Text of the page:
Wisconsin kid could be archery star
The future of American archery is standing on the deck of his parents' home, innocent blue eyes locked into a magnified peep sight with an arrow cocked on a metallic green bow near his chin.
On the quiet, picturesque banks of Lake Waubesa, John Klus Jr. hones his craft with what coaches describe as a rare and relentless attention to detail that belies his youth. It is here where Klus Jr. has acquired intricate skills that turn expert archers into slack-jawed believers at national tournaments across the country. Even at 11 years old, Klus Jr. is unequivocally considered one of the next great archers this nation has to offer, a legitimate Olympic hopeful at the 2016 Games in Brazil.
To find out why requires watching only a handful of arrows fired from his steady hands.
Five small circular targets fasten to a box 30 yards away near the middle of a pier affixed off the family backyard. Klus Jr. is preparing for a national outdoor championship in Hamilton, Ohio, a tournament that requires archers to shoot 48 arrows each at targets of 20, 25 and 30 meters. He is most certainly the favorite to win his age group.
He pulls the arrow backward, pausing until the muscles in his back add just enough pressure to perfectly execute his shot. The slightest miscalculation will send arrows flying into the crystal blue water or smacking into the family boat docked at the edge of the pier.
Yet the notion of failure does not enter Klus Jr.'s mind, a quality his coaches describe as rare at any level.
"He's just one of those people, which are very few and far between, that has got it," says Tim Strickland, a former longtime U.S. Olympics archery coach. "If you can get a person to realize the task is more important than the result, then and only then can you teach him how to excel. And he knows that and uses it."
When Klus Jr. finally feels the right tension balance in his shot setup — by his estimation five seconds to place arrow in bow, 10 seconds to lock his target, exhale deeply and pull back the bowstrings and seven more seconds to take his thumb off the trigger — the arrow springs into action, forcefully attacking the target.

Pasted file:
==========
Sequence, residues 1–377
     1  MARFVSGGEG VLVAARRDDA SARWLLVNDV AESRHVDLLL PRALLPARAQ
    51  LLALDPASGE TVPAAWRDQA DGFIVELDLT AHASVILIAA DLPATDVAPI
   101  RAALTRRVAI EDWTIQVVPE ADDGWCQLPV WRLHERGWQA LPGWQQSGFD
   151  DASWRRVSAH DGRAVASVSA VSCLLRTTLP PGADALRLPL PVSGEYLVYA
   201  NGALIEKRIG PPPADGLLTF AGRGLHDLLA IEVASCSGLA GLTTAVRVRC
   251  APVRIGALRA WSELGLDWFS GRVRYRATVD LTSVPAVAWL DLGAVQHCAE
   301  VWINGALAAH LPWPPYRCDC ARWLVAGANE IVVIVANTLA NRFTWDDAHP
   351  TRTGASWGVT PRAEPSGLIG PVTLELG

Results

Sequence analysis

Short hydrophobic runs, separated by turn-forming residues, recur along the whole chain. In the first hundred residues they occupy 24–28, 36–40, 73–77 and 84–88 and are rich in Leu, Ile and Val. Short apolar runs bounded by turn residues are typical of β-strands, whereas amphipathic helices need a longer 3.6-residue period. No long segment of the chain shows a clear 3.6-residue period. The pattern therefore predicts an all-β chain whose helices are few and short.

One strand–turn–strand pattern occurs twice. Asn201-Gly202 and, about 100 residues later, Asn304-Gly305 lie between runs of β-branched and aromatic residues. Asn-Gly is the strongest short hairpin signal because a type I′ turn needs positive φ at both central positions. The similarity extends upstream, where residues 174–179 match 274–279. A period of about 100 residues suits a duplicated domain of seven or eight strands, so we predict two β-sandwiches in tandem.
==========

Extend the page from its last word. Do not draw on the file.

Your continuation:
He grabs another arrow from his back pocket and repeats his routine, raising the bow high in the air, securing his target, catching a deep breath and firing. Then again. And again.
Thunk. … Thunk. … Thunk. …. Thunk. …
It is rhythmic and beautiful in its own way, the kind of deft one-man performance you might find orchestrated by a piano-playing savant at a concert. Each arrow sticks firmly in or inches away from its respective bull's-eye: two in the upper left, two in the upper right, two in the middle, two in the lower left and two more in the lower right.
Satisfied, Klus Jr. sets his bow on the deck, adjusts his red hat over his sandy blonde hair and walks toward the target to collect 10 arrows and shoot another round.
"I don't really think about that much when I shoot," says Klus Jr., who has won three national 12-and-under tournaments in the past nine months. "I just think about hitting it on the center and executing. It just happens."
It all seems so easy and effortless now. But some time in the next year, Klus Jr. will be forced to make a decision that will affect the rest of his life. If he wants to make the Olympics as he says he does, he'll need to devote even more time to perfecting a solitary craft that already consumes much of his time — using an entirely different, more difficult bow structure.
Whether he's capable of achieving those dreams and whether he actually will are two very different questions.
"His commitment to excellence keeps him going," says Duane Price, a professional tournament archer who also coaches Klus Jr. "But one out of every 100 at that age will keep going up into their adulthood. Once they hit 16 or 17, it's about girls, cars and sports. Those things take precedence over archery. I've seen a lot of that come and go over the years."
John Klus Sr., a part-time hunting and fishing guide, handed his son a plastic bow and arrow for the first time at age 2. Of course, the signs of a child prodigy weren't evident then, when Klus Jr. would launch plastic arrows at nearby deer in the backyard.
But at age 5, Klus Jr. entered his first youth tournament and placed second. When he came home, he told his father that archery was what he wanted to pursue for the rest of his life.
"It was bizarre," his father says. "He fell in love with it the second he did it."